The Hope of Israel

To understand the gospels properly we first need to know what Israel as the people of God hoped for. Israel were the only nation on the earth at that time with the knowledge of the true and only God. They had been delivered from slavery in Egypt and given the promised land of milk and honey. It could be said that their occupation of the “Blessed” land was probationary. If they obeyed and were faithful to God and the covenant they would be established in peace and prosperity forever. If they disobeyed they would be cursed and exiled.
Key to understanding Israels future is Deuteronomy 30: Here all of Israels fortunes and misfortunes are foretold. If you understand the 5 books of Moses to be wherein the faith of Israel is contained, you are on solid ground. For all the prophets after Moses proclaimed this same promises to Israel as contained in the 5 books. They proclaim woe which are the curses of the Law and they proclaim blessing which are the promises of restoration. The promises of restoration are always spoken of in Edenic language such as Isaiah 35 and Ezekiel. Isaiah and Ezekiel and other eschatological prophets see the restoration including all the earth and not just the land of Canaan. This is an essential key of interpretation to understanding the Old Testament and the hope of Israel.

However God forsaw that they would not remain faithful, and foretold their exile from the land flowing with milk and honey. Exile because of sin and rebellion to God was one of the curses of the law. The story of Adam and Eve seems to be repeated in Israels story. If they obeyed they would live, if they disobeyed as they did they would die and be driven out of God’s land which is a type of the garden of Eden. The garden of Eden and the land flowing with milk and honey are the Kingdom of God, because it is where God rules over his people in his land by his word. So just as Adam was driven out of God’s kingdom into the curse of exile for disobeying him, so Israel will also be driven into the curse of exile for unfaithfulness.

Exile is to live under the judgement and wrath of God. It is hard and painful and frustrating. It is a sentence of hard labor, suffering famine, war, and disease, being ruled by foreign kings and rulers etc. Exile is life as it should not be. Man wasn’t made to live like that. Man was made to live in God’s kingdom where he lives under blessing because he is obedient.

The point is that to be in exile is to be living under God’s judgement. That judgement can be ever so severe. However in the same covenant that promised exile as the wages of sin, which is disobedience, God also forsaw and promised their restoration in Edenic terms. Return from exile would result in heavenly blessing, because their fortunes would be restored. The restoration of Israels fortunes are what Israel are seeking to attain to. The end of exile is spoken of by Daniel in Kingdom of God terms as a time when transgression is ended and everlasting righteousness comes in.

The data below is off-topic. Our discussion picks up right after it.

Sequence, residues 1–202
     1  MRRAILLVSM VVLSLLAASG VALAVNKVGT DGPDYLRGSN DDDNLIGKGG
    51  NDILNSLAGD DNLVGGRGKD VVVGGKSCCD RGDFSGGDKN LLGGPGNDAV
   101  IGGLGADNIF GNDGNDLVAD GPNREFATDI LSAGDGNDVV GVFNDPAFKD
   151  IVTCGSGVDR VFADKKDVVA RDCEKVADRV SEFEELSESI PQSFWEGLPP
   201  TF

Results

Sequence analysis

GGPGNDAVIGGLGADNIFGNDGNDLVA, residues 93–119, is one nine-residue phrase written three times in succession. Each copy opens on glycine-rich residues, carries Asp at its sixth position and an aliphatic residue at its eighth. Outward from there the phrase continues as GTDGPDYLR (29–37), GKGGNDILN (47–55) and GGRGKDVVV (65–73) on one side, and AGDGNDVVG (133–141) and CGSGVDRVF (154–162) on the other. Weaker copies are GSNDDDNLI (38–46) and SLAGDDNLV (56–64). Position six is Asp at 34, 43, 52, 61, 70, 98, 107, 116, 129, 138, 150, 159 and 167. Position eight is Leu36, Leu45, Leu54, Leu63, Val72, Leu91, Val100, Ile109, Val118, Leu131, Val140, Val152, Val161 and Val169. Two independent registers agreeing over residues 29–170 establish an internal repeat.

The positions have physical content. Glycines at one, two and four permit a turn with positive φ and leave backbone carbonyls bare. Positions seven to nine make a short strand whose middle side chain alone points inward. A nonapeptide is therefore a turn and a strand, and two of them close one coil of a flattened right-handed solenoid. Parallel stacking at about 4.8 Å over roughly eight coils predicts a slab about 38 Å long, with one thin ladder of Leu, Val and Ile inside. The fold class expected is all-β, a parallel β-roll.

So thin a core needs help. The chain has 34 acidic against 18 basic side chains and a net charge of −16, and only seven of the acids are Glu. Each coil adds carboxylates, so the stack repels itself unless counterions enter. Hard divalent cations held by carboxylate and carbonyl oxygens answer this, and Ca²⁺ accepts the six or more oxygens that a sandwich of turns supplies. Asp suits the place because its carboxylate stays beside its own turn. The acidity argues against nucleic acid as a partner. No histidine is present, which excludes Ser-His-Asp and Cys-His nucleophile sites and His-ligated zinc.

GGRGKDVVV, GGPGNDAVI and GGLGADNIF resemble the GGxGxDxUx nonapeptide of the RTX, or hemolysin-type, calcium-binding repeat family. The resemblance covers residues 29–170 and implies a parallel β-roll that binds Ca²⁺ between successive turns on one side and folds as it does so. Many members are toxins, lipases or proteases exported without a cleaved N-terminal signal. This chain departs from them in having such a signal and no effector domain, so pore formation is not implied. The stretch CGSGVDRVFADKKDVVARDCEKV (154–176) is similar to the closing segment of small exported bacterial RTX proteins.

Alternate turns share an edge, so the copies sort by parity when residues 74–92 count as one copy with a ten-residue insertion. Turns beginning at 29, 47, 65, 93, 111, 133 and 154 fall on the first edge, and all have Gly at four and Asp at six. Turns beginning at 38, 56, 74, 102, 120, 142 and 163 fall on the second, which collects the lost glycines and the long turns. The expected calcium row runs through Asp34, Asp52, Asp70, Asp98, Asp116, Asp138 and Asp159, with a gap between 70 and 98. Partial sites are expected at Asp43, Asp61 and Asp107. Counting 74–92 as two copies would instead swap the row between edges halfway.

This hope was expressed in the many festivals in Israel. For example the new moon festival forsaw the time when the darkness of Israels suffering would be ended and the new day of salvation would dawn. Or the day of atonement looks to the day when Israels sin as a nation will be forgiven so that the promises of salvation and restoration can come about. For only when her sins are forgiven can she be restored. The festival of Hanukkah was to reflect on the fact that if God had saved her in the past through Moses, the judges, David and lastly through Judas Maccabeus then God would save them again. They were looking for a new Exodus where they would be saved from the oppression of their enemies and from being ruled over by godless kings. They are in every way looking for the great coup d’etat when God would overthrow the Roman Emperor, just he overthrew Pharaoh and delivered them from his captivity so that God would be King over them.

Then there are the many Sabbaths which look forward to a time of rest as in the year of Jubilee when all her debts will be cancelled. This is the great Sabbath that along with all the other festivals looked forward to the reality of these hopes in an eschatological sense. All of the Old testament look forward to the New testament. This is why for example we don’t keep the Sabbath day or any other sabbaths because we have entered into that rest in the reality of Jesus Christ. Our debts have been cancelled, we have rested from our works, the new creation has begun by us been joined to Christs resurrection. The time of the Kingdom has begun in the ministry and death and resurrection of Jesus Christ.

The story of Israel remains in outline but is redefined in the sense that her enemies are no longer the gentiles, but have always been sin and Satan. The Kingdom of God which is the great restoration hoped for didn’t come as expected in one great event. Rather the Kingdom has begun to be born in this wicked age. Jesus has inaugurated the Kingdom by his cross, resurrection and ascension.

So the kingdom is the time of the New covenant. There are first fruits and there is harvest. The kingdom is now but is also not yet. The not yet part is what the Jews expected in the time of Jesus. The time of the resurrection of the wicked and the righteous. The wicked receiving damnation and the righteous eternal life.(John5) But Jesus at his return will bring about the great coup d’etat of the rulers of this world. Then God will be King not just of Israel but of all the nations. When this happens the Kingdom has come in fullness and the promised salvation of the nations and the world will be the victory of God in Jesus Christ against his enemies. And we stand in wonder at His love when we see that God has reconciled us his enemies to be his people and to partake of the wondrous promises. That wicked men should attain to this salvation is beyond understanding